Your dog's ears – The skin on your dog's ears is very sensitive and thin. If your dogs' ears become matted, the mats can cause delicate blood vessels in the ears to rupture, causing hematomas in the ears. Hematomas can be very painful for your dog and must be treated by your veterinarian. This is why it's best to not attempt to demat severely matted ears, but instead, shaving the ears is the safest option. We often uncover these hematomas and recommend a vet visit.                   

Realistic Expectations – We know the pain that mats cause, and our first priority is to ensure your dog's comfort and safety. Shaving out mats with clippers is the safest way to remove a severe mat. This will leave a bare patch in your dogs fur. If your dog only has one or two small areas where mats are severe, we may be able to shave those areas and keep the length on the remaining part of his body. However, if your dogs' legs are matted and the body is not, he may look a little silly with shaved legs. Therefore, many times it's best to start all over.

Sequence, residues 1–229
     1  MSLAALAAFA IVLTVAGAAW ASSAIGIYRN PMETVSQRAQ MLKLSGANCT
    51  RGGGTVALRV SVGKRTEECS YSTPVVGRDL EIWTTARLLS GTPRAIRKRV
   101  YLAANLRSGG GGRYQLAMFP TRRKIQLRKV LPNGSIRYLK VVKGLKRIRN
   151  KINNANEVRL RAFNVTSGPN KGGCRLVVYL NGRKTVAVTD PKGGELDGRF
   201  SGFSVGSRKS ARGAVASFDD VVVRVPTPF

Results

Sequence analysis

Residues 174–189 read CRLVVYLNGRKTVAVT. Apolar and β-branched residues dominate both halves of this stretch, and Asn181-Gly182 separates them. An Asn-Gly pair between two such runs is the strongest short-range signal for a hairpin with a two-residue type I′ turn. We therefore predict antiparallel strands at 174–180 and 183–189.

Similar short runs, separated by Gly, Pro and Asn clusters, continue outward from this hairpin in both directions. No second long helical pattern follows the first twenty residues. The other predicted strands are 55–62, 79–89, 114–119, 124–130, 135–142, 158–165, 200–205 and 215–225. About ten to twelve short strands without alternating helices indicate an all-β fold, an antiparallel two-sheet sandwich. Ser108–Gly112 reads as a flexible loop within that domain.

Prevention is the best way to deal with a mat -Avoid getting them!

Diet - A strong healthy coat relies on proper nutrition to stay in peak condition. Dogs need plenty of Omega-3’s in their diet to maintain a healthy coat and keep their immune system strong. Most commercial diets are unbalanced with fatty acids. Feeding animal-based oils such as fish oil, krill oil or salmon oil is recommended over plant-based oils (such as corn oil) as it’s already in a usable form of Omega 3 for your dog to assimilate. In addition, it prevents an overload of Omega 6 which can result in further skin inflammation, allergies or skin issues.